quote:
South Carolina

A marriage between one man and one woman is the only lawful domestic union that shall be valid or recognized in this State. This State...shall not recognize...any other domestic union, however denominated.


quote:
Florida

Inasmuch as marriage is the legal union of one man and one woman as husband and wife, no other legal union that is treated as marriage or the substantial equivalent thereof shall be valid or recognized


quote:
Texas

(A) Marriage in this state shall consist only of the union of one man and one woman.

(B) This state or a political subdivision of this state may not create or recognize any legal status identical or similar to marriage.

Eek
quote:
Originally posted by Vox:
Roll Eyes Oh, brother. What a stupid argument.

One way we can see how bullshit this argument is is that they only quoted one person who believes in it. They quoted the hell out of her, too.


That's because the story is more about the fact that a candidate for Texas Attourney General said it, than the Amendment itself.

This was an issue during the cmpaign prior to the vote. Straight folks in Texas were protesting the Amendment, for fear of their own marriages being invalidated, prior to the vote taking place, at the same time that the KKK was rallying its forces in support of the Amendment. The KKK won the vote, but they may very well have succeeded in invalidating their own marriages in the process.

Texans were warned, but decided to throw their lot with the KKK and take their chances instead of heeding the warning. Have the good residents of Texas never heard of this?

The issue just came back into the news now because of the AG candidate bringing it up again.

Here's an example of an article dated prior top the vote:

quote:

Group Says Prop. 2 Could Make Straight Marriage Illegal



BY AMY SMITH
October 28, 2005



Opponents of Prop. 2's constitutional ban on gay marriage rallied in Wooldridge Park on Monday to warn that faulty wording in the proposition could threaten all marriages.


Faulty wording in a proposed constitutional ban on same-sex marriage poses a bigger threat to "traditional" marriage than all the homosexuals in the world, opponents of Prop. 2 declared Monday, the first day of early voting.

A newly formed group, Save Texas Marriage – a blood relative of the No Nonsense in November campaign – has mounted a full-on attack on Prop. 2 that includes a massive rollout of automated calls to nearly two million homes across the state. In one call, the Rev. Tom Hegar, a Presbyterian minister, warns that because the second part of the proposed amendment, prohibiting the recognition of "any legal status identical or similar to marriage," fails to distinguish between same-sex couples and heterosexual couples, a "liberal activist judge" could see fit to void all marriages. "Don't risk it; vote against it," Hegar says, and ends with "God bless you."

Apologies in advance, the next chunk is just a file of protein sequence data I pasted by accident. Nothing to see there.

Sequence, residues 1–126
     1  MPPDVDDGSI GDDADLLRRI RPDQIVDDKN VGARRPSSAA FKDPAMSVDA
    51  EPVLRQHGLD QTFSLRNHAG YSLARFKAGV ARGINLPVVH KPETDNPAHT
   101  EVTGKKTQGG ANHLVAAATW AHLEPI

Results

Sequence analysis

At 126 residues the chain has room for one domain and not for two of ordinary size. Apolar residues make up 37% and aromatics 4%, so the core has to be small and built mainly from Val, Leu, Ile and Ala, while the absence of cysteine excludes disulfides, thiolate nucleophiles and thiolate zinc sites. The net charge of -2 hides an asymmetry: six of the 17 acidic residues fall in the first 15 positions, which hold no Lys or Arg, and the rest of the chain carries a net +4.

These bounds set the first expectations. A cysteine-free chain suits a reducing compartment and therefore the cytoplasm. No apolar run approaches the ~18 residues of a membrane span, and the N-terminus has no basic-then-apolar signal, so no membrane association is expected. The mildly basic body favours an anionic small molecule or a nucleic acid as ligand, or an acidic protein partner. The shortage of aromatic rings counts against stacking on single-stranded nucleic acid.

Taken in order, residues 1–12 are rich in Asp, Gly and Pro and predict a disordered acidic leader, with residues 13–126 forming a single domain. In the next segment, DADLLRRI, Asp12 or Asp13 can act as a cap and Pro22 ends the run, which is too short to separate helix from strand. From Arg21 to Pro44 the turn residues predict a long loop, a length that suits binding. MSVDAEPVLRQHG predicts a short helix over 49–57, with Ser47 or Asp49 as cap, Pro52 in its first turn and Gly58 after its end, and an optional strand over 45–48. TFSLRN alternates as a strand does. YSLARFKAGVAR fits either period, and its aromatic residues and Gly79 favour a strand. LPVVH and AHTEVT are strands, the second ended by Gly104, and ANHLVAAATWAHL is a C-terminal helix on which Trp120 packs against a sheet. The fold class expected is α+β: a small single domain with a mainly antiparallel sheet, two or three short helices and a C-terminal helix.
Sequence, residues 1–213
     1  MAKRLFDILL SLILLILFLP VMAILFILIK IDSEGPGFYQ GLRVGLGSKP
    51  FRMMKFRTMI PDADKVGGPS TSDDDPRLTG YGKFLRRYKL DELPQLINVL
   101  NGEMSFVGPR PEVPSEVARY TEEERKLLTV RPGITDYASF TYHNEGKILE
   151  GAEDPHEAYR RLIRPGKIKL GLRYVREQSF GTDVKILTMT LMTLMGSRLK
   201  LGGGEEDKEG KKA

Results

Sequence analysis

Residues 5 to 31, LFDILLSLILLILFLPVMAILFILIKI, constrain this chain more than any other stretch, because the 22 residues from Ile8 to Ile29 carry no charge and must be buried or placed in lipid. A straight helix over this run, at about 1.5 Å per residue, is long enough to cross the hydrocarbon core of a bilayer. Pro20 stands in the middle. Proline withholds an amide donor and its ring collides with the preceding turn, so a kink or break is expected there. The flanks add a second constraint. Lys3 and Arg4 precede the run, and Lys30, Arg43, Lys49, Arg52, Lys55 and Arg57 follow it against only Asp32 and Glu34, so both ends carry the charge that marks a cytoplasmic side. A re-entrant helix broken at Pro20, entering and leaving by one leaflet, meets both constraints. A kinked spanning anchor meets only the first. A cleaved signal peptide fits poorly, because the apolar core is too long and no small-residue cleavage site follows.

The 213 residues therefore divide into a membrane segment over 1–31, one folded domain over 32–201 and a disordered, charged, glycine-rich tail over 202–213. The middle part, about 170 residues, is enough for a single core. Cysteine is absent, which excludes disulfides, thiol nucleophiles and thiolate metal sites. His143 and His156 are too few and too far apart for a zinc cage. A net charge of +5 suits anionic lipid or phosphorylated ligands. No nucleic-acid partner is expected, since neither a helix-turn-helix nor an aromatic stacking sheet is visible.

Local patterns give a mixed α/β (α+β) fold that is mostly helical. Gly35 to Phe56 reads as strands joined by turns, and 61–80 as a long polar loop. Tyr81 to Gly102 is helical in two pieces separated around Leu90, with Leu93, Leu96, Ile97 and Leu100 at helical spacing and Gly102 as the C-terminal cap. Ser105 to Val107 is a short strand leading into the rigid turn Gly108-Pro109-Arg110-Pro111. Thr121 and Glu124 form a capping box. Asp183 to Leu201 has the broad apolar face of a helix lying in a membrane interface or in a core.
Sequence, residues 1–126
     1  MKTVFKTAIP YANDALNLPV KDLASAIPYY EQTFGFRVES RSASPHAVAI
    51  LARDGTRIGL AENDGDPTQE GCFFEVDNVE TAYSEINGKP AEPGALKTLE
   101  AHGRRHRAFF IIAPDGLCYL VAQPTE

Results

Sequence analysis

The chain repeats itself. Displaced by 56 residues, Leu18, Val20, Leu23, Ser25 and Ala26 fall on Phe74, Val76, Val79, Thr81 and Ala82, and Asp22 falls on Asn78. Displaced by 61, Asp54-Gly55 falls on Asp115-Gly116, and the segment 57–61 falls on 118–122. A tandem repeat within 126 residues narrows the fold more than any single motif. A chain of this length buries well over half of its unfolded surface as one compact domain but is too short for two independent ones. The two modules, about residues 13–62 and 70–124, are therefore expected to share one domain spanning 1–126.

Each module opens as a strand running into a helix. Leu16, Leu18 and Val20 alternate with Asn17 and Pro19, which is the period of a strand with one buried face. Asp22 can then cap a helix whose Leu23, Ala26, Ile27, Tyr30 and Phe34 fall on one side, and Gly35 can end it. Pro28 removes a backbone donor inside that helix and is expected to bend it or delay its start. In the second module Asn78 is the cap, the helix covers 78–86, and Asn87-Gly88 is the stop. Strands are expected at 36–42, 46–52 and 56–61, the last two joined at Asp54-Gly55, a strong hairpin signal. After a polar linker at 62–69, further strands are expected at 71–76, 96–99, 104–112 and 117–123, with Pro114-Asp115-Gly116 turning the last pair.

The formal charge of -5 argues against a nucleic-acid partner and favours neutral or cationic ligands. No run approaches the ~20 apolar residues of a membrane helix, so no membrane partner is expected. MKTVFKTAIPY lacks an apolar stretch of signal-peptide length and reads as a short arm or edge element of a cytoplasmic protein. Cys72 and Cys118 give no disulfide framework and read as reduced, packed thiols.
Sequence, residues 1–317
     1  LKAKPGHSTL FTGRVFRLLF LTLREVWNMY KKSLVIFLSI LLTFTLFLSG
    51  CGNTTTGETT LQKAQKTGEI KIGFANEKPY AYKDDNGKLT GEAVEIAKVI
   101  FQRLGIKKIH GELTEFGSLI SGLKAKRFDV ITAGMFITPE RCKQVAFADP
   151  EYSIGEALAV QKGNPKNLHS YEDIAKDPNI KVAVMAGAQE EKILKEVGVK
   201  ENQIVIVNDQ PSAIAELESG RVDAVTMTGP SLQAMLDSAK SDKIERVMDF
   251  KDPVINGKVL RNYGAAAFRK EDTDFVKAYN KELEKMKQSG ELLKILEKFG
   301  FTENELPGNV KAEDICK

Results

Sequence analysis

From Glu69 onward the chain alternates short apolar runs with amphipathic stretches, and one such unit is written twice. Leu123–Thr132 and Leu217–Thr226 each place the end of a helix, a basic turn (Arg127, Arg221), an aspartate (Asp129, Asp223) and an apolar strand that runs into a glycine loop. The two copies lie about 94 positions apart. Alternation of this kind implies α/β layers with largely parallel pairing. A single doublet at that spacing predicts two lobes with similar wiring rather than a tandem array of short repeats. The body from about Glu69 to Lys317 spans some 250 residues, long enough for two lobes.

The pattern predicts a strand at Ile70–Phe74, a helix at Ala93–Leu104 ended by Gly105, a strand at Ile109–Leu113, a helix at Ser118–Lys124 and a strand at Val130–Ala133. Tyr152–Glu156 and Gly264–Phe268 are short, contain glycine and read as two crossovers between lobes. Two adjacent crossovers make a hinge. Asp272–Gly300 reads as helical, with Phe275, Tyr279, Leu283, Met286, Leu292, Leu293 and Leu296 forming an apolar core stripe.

"Sleazy," declared Kelly Shackelford, a Plano attorney who helped write the proposed amendment. "This is obviously an attempt to confuse and deceive people to vote against it." And he knows of at least a handful who already did. "They were just sick when they realized they voted the opposite of what they intended," said Shackelford, president of the conservative Free Market Foundation. Until yesterday, he added, the pro-amendment campaign had been moving along sluggishly. "I feel there is a dramatic difference now. This [new tactic] has angered and energized people to vote for the amendment. I'm hopeful that this will backfire on them."

Others argue that Save Texas Marriage is merely pointing out the confusion, not creating it. "Legislators did such a poor job drafting the amendment that all marriages in the state of Texas are at risk of being invalidated," said Trampes Crow, an Army captain, who appeared with his wife, Jennifer, and several other male-female couples at a press conference across from the Travis Co. courthouse, just a few hours into early voting. Austin community activist Martha Cotera took a dim view of Prop. 2 proponents eager to pass a ban outlawing what is already outlawed in Texas. "For God's sakes," she asked, "don't these people have lives?"